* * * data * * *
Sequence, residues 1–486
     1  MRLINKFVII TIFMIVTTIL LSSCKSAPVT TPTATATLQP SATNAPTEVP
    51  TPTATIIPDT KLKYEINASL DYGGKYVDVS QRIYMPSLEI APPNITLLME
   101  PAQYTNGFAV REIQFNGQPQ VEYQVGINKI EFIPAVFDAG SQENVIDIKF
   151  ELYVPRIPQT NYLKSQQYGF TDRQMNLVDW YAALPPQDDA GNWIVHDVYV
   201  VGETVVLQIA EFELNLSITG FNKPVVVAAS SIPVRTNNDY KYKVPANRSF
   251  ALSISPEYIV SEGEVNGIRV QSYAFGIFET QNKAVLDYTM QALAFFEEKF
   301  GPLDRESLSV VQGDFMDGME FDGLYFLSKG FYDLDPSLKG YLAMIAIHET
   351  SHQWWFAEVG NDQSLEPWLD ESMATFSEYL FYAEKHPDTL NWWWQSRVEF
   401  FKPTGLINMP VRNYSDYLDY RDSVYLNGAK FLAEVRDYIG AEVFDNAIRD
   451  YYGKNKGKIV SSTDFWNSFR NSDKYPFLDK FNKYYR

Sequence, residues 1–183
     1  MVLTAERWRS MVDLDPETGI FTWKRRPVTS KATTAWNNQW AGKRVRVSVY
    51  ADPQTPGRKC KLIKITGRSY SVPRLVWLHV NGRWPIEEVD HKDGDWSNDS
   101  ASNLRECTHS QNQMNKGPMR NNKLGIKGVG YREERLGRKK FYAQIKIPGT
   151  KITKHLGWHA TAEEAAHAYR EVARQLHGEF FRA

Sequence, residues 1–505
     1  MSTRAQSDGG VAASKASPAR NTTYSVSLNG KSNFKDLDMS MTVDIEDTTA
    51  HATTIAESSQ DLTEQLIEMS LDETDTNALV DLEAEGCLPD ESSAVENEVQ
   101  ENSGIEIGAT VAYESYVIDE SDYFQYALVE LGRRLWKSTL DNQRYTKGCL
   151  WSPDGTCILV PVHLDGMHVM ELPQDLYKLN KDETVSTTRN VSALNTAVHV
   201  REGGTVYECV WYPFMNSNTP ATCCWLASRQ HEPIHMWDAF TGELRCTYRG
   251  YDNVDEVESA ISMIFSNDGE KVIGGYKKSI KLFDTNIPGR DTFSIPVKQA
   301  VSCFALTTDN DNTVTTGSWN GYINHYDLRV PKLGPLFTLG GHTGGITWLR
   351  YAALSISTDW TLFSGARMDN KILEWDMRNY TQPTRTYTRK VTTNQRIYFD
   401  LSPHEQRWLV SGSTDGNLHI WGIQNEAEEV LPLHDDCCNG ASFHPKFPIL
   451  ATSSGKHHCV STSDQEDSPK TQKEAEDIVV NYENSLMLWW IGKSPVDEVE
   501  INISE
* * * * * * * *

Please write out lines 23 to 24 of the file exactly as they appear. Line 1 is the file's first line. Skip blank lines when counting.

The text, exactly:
   251  YDNVDEVESA ISMIFSNDGE KVIGGYKKSI KLFDTNIPGR DTFSIPVKQA
   301  VSCFALTTDN DNTVTTGSWN GYINHYDLRV PKLGPLFTLG GHTGGITWLR